How can you take measurements?

Which devices can you use to take geolocalised measurements?

In Japan, new equipment appeared necessary to meet the expectations of the population after the Fukushima accident, to allow individuals to take measurements independently using easy-to-use low-cost devices. On this basis, various dosimetric applications and systems have been developed, benefitting from the context of internet and new information technologies, able to simplify connections between citizens and sharing skills. On this basis, new systems offer new options for recording geolocated measurements (location, date, value) and can be used to share measurements via platforms.

Dosimeters designed for the "general public", which can be used for geolocated measurements, exist in three main sub-groups:

  • Dosimeters connected to a smartphone, which use a Geiger counter or a semi-conductor as a sensor, e.g. OpenRadiation,
  • Autonomous dosimeters (measurements and geolocation functions), such as the bGeigie nano by Safecast (using a Geiger meter),
  • Applications using the CMOS sensor of the smartphone's camera.

 

On the basis of which criteria should the device be selected?

The main criteria and settings to be taken into consideration when selecting a dosimeter are as follows:

  • Price: applications using the smartphone's CMOS camera cost just a few euros, connected dosimeters cost a few hundred euros, or over €500 for "professional" equipment. Applications are generally available for Apple and Android for dosimeters connected to a smartphone.
  • Life and power: rechargeable or other type of battery.
  • Type of radiation detected: photons (X, gamma, beta, etc.). A photon dosimeterdosimeter is sufficient in most cases.
  • Operating range: a dosimeterdosimeter can be used for a given range in terms of dose rate and the energy of the radiation measured. These ranges are generally compatible with "classical" environmental measurements. Precautions must be taken in some cases: photons with a low or very low energy level, or a high dose rate, etc.
  • Sensitivity: this aspect must be sufficient for measuring the natural ambient background noise level (approx. 0.1 µSv/h), i.e. the most frequent situation.

 

How can accurate measurements be taken in the field?

Data recorded in the environment, outside of housing or buildings, is worthwhile for all, although it can be useful or relevant to measure the ambient dose rate in a home.  It can be worth measuring levels near to an old radium alarm clock or a radioactive stone, however this data is not relevant for the environmental data base. In addition, these dosimeters are not appropriate for measuring the radioactivity of food or water.

Depending on the selected device, the implementation procedure may differ, it is important to refer to the seller's recommendations.

In order to obtain measurements which accurately reflect ambient radioactivity levels, with an acceptable level of quality and which can be compared, a few recommendations are necessary, i.e.:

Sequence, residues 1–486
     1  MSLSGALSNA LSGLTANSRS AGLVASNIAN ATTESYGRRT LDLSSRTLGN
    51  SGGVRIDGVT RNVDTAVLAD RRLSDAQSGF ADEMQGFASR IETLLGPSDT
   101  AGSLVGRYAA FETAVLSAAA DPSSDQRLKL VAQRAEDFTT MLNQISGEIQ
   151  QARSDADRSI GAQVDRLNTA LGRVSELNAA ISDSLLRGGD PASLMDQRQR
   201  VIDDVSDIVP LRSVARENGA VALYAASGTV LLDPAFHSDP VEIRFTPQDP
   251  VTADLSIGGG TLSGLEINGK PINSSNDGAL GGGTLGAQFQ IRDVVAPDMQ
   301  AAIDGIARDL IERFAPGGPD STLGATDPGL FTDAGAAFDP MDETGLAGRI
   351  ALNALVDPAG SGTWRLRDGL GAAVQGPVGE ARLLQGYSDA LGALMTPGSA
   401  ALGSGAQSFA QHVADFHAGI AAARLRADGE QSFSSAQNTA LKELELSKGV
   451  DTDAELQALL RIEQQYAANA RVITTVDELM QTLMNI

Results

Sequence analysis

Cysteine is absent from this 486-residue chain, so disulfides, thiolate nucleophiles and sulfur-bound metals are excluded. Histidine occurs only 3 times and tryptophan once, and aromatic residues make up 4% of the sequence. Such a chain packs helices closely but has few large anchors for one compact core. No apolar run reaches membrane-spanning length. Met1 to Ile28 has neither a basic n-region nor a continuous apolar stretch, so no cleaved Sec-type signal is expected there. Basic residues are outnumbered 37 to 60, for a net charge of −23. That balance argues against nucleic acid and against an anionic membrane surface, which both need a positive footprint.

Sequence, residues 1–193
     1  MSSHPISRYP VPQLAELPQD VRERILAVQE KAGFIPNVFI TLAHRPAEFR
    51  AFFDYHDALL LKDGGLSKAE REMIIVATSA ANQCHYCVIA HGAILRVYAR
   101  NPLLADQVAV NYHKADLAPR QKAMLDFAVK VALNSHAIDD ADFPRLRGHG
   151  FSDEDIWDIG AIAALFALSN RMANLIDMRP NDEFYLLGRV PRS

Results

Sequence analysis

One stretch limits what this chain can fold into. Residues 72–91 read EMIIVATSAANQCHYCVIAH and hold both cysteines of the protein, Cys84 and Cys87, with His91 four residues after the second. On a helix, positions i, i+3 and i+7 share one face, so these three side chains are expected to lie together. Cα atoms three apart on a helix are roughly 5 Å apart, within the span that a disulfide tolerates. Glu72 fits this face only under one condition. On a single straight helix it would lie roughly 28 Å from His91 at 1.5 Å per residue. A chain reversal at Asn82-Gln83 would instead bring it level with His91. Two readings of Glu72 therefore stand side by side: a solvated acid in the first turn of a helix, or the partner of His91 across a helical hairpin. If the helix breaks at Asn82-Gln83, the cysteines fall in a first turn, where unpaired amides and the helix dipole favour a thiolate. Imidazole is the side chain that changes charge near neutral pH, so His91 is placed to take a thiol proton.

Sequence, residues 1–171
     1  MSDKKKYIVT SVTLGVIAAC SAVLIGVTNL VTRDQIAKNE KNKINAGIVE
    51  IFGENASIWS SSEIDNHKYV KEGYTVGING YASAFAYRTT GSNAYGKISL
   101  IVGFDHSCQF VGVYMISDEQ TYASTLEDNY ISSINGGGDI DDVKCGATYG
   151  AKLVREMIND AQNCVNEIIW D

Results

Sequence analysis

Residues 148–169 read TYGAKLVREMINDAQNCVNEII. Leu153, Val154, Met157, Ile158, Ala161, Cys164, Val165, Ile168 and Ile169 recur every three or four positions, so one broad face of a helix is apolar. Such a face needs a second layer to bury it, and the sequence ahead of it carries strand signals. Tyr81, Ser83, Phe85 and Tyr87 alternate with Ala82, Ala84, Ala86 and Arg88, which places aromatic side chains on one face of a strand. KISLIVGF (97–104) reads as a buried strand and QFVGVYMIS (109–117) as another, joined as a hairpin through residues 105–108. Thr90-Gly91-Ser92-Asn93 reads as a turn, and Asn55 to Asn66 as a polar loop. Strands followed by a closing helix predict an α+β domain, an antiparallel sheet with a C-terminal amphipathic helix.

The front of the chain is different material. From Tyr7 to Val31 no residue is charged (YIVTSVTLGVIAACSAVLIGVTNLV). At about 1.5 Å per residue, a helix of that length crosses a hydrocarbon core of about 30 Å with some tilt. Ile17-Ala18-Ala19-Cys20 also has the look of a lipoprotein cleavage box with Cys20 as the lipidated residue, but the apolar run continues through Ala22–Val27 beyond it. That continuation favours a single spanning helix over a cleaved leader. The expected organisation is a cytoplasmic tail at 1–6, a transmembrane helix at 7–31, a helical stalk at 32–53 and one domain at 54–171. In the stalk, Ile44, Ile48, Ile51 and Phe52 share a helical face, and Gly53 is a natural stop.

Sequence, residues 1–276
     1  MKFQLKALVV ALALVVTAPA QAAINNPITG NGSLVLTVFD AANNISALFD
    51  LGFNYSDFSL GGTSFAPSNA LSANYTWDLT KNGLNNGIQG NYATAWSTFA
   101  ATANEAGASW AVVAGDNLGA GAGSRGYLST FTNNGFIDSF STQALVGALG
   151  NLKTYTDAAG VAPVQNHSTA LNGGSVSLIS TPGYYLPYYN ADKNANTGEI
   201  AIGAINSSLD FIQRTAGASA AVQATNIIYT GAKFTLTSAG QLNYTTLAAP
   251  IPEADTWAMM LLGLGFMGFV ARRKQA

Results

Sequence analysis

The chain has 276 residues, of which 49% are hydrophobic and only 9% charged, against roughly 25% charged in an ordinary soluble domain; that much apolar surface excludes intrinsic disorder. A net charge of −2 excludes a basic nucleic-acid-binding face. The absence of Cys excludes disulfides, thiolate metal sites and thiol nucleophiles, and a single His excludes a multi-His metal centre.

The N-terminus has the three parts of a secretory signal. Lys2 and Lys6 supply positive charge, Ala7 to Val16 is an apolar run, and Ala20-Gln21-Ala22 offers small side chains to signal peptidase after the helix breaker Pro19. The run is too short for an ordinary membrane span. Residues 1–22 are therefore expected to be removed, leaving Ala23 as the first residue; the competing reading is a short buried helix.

• Take the measurement outside, in as clear a space as possible to minimise disturbance (nearby wall or building, etc.) and obtain a measurement which is as representative as possible of the site
  • Stay away from any known source (people having recently been subjected to a nuclear medicine examination, system generating ionising radiation: X-ray generator, etc.)
  • Wait until the measurement has stabilised; in fact, the lower the radiation level, the longer the measurement must be to obtain an adequate measurement statistic (measurements generally last a minute or more for background noise)
  • Place the dosimeter approximately 1 metre above the ground: this height is generally accepted as a representative means of assessing the average dose received by an individual.

 

The units used to quantify the radioactivity and associated exposure

The sensors proposed to citizens generally indicate a number of radiation counts detected per minute (CPM), which is translated into microsievert using an internal algorithm.

Radioactivity can be quantified with specific units. The main three are as follows:

  • Becquerel (Bq): the number of becquerels corresponds to the number of disintegrations per second for a radioactive source. The greater the number of becquerels, the greater the activity of the source. The curie is replaced with the equivalence 1Ci = 3.7 10E10 Bq or 1 Bq = 2.7 10E-11 Ci
  • Gray (Gy): grays are used to quantify the dose absorbed, i.e. the quantity of energy released by the ionising radiation in the target material. One gray represents 1 joule per kilogram of material. It replaces the rad with an equivalence of 1 rad = 0.01 Gy or 1 Gy = 100 rad
  • Sievert (Sv): sieverts are used to quantify the risk for humans. The effects of the different types of radiation vary depending on the organs or tissues affected, with some more sensitive than others. The effective dose in sieverts is obtained from the dose absorbed by each organ, weighted with one factor, which depends on the type of radiation, and another factor depending on the sensitivity of the organ. 1 Sv = 1000 mSv = 1 000 000 µSv.

For information, weighting factors for organs are as follows: 0.12 for bone marrow, the colon, lungs and breasts; 0.08 for gonads; 0.04 for the bladder, liver, esophagus and the thyroid; 0.01 for the skin, bone surface, brain and saliva glands; 0.12 for all other tissues.